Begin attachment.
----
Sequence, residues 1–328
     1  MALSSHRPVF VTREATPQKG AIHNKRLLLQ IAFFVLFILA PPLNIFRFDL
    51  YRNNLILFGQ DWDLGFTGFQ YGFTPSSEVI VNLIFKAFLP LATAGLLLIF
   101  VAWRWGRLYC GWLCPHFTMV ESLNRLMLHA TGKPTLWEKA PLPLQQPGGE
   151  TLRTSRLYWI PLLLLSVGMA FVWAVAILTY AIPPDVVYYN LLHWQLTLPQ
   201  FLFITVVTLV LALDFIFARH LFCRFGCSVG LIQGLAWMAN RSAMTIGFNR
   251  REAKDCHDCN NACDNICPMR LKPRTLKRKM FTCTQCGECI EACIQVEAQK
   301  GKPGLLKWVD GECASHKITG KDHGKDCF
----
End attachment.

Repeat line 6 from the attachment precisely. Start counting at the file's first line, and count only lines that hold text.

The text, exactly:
   201  FLFITVVTLV LALDFIFARH LFCRFGCSVG LIQGLAWMAN RSAMTIGFNR